Krazy Kat! Popeye! Flash Gordon! Beetle Bailey! Blondie! Prince Valiant! Hagar the Horrible! Barney Google and Snuffy Smith! Baby Blues! Mutt & Jeff! Zits! Juliet Jones! Buz Sawyer! Steve Canyon! Bizarro! Hi & Lois! Maggie & Jiggs! Johnny Hazard! There are simply too many to list because King Features has had a more illustrious and long-lasting history than anyKrazy Kat! Popeye! Flash Gordon! Beetle Bailey! Blondie! Prince Valiant! Hagar the Horrible! Barney Google and Snuffy Smith! Baby Blues! Mutt & Jeff! Zits! Juliet Jones! Buz Sawyer! Steve Canyon! Bizarro! Hi & Lois! Maggie & Jiggs! Johnny Hazard! There are simply too many to list because King Features has had a more illustrious and long-lasting history than any newspaper syndicate, even as it continues to lead the way into the digital age and beyond. This book is a centennial birthday bash hosted by Dean Mullaney, Bruce Canwell, and Brian Walker, with contributions by Brendan Burford, Lucy Shelton Caswell, Jared Gardner, Ron Goulart, Jeffrey Lindenblatt, Carl Linich, Paul Tumey, and Germund von Wowern. More than just comics, it s a celebration of the profound impact that King Features has had on popular culture!"...
|Title||:||King of the Comics: One Hundred Years of King Features Syndicate|
|Number of Pages||:||288 Pages|
|Status||:||Available For Download|
|Last checked||:||21 Minutes ago!|
King of the Comics: One Hundred Years of King Features Syndicate Reviews
A series of essays covering the life of King Features Syndicate, a major distributor of comics strips all over the world, and now a licensing and web distributor of comic strips. The essays are by different experts in the field and cover the variety of cartoonists and internationally famous strips and characters the syndicate has run since the late 1890's.Media mogul, William Randolph Hearst was intimately involved with his publications and saw how cartoons and regular features could draw in the newly literate working classes. His shadow affects the first half of the book.The decline of newspapers in the later 2Oth century and the rise of digital media have changed the syndicated fetures market considerably.Like most IDW ( Idea and Design Works) books this is beautifully designed and presented.. But it is by its nature a bit "once over lightly" in places. The strip reproductions are beautifully done , but some of the earlier tab sections should have been reproduced a bit larger . A readable history of one of the major organisations in 19th and 20th Century media and a survey of America's fascination with the comics.NB while the Hearst syndicates existed from the 1890's on, they were combined under the King Features banner in 1915.the book covers the period prior to this as well as the official "hundred years" period of the title.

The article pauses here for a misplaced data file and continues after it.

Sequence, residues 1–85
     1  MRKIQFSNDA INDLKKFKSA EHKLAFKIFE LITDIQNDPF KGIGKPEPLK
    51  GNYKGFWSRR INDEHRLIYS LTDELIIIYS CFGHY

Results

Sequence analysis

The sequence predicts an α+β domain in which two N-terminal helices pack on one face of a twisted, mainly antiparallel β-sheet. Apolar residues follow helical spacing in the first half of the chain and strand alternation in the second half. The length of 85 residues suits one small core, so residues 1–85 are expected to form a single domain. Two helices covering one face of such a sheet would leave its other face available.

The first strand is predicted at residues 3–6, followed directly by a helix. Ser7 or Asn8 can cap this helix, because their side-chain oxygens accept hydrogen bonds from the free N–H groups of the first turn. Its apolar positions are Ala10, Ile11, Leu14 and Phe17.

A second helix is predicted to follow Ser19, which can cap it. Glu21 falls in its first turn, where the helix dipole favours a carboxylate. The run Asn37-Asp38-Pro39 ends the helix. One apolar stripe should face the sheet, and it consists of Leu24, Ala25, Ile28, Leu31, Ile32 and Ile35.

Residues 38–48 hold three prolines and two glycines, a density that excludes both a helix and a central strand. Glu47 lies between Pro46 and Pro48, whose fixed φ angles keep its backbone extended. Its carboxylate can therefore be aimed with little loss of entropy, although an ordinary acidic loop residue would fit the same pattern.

Fun. Hearst launched the King Features Syndicate a hundred years ago. This oversize coffee-table book documents a century of comics published by King Features. Context and history come from the essays that introduce each era.A hundred years ago, cartoonists introduced bright colors, speech balloons, sequential panels and recurring characters for comics that appeared in weekend newspapers. Daily black-and-white strips evolved quickly, which appealed to the commuting city workers. Styles included story strips and gag-a-day. Along the way, Dr Seuss published comic strips for a season in the mid-thirties, with early shades of his fantastic language and characters who we would meet later in his books. King published many romance and action strips for years. Jay Kennedy joined King in the late eighties to bring edgier cartoons to the syndicate. Bizarro and Zippy, among others, still publish as edgy, surreal and absurdist comics. After studying sculpture and conceptual art at the School of Visual Arts in New York, Jay Kennedy earned a degree in sociology from the University of Wisconsin. As an active member of the Pail and Shovel Party, Jay drew posters and flyers for the group. He also took part in one of the famous pranks, the nineteen seventy-eight planting of pink flamingoes on Bascom Hill. Jay roomed with mutual friends, who introduced us on that Halloween in Madison.
Comic strips and info about cartoonists for (as the title says) 100 years